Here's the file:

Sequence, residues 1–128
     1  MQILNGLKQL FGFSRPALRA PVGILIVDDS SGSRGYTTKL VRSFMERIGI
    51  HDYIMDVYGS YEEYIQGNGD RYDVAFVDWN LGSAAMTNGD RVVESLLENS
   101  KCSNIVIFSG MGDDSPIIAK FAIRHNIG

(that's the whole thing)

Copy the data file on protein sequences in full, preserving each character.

Sequence, residues 1–128
     1  MQILNGLKQL FGFSRPALRA PVGILIVDDS SGSRGYTTKL VRSFMERIGI
    51  HDYIMDVYGS YEEYIQGNGD RYDVAFVDWN LGSAAMTNGD RVVESLLENS
   101  KCSNIVIFSG MGDDSPIIAK FAIRHNIG